Fiji has entered the foreign-language Oscar race for the first time with “The Land Has Eyes,” while South Korea’s biggest film of the year, “Welcome to Dongmakgol,” and Taiwan’s “The Wayward Cloud,” have thrown their hats into the ring.
Helmer-scribe’s Vilsoni Hereniko “The Land Has Eyes,” based the story on his childhood on the island of Rotuma, was submitted by the Fiji Audio Visual Commission, which funded half the cost of the pic’s transfer from digital to 35mm.
Australian-based distrib Ronin Films opened the film at the only multiplex in the Fijian capital of Suva on Sept. 8 to qualify for the Oscars.
Tsai Ming-liang’s “The Wayward Cloud,” a racy sex musical, bagged a trophy for artistic achievement and the Alfred Bauer Prize at the Berlin Film Festival.
The helmer successfully fought government attempts to cut pic’s graphic sex scenes and “The Wayward Cloud” opened domestically in its original version.
Its nod could be seen as vindication for Tsai, who has a confrontational history with government brass.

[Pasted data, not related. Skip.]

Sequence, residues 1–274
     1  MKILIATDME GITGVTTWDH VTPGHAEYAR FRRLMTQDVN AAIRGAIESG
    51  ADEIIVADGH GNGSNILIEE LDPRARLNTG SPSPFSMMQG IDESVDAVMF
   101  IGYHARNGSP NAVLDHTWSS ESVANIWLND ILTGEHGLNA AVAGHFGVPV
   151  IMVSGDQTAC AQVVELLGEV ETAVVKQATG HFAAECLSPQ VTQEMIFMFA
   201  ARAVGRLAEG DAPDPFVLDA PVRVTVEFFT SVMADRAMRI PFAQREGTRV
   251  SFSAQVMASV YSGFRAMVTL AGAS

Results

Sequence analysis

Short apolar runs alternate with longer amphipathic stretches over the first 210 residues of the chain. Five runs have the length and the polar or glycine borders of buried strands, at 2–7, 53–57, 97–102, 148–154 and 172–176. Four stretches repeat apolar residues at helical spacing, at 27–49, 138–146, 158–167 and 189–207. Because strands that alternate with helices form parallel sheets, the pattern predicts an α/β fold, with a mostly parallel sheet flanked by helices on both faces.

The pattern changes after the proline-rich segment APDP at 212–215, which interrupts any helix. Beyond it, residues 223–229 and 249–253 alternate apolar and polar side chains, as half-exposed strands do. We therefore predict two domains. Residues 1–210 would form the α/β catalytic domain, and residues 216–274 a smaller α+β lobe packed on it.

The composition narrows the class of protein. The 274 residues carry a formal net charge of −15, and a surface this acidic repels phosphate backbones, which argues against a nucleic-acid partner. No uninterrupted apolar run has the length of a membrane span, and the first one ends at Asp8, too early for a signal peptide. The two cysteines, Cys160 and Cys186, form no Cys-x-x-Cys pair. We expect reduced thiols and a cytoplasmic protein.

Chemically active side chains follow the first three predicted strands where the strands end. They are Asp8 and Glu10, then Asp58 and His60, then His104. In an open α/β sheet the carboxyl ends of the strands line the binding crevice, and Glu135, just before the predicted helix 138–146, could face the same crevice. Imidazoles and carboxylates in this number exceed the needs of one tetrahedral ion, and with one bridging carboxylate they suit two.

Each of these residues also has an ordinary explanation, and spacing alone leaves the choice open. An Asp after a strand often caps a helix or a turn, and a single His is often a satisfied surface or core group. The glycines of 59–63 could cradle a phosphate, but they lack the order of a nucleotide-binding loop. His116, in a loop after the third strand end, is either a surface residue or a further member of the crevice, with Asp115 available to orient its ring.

His “Goodbye, Dragon Inn” was Taiwan’s foreign-lingo Oscar contender last year.
“Welcome to Dongmakgol” was chosen by a subcommittee of the Korean Film Council.
Pic’s story and tone make it an unusual pick. Directed by Park Gwang-hyun, “Dongmakgol” is a comedy drama about soldiers from both sides of the Korean divide who live among villagers who know nothing of the war.
It beat out more arty hopefuls and commercial hit, “Marathon,” about an autistic boy who finds his feet through running.
“Dongmakgol” has much leverage from its mega-B.O. run. Released in August by Showbox, pic has rung up more than 7 million admissions, with word of mouth powering it past a raft of September blockbusters.
Its attendance numbers put it at No. 4 on the all-time Korean B.O. list.
(Bobbie Whiteman in Hollywood contributed to this report.)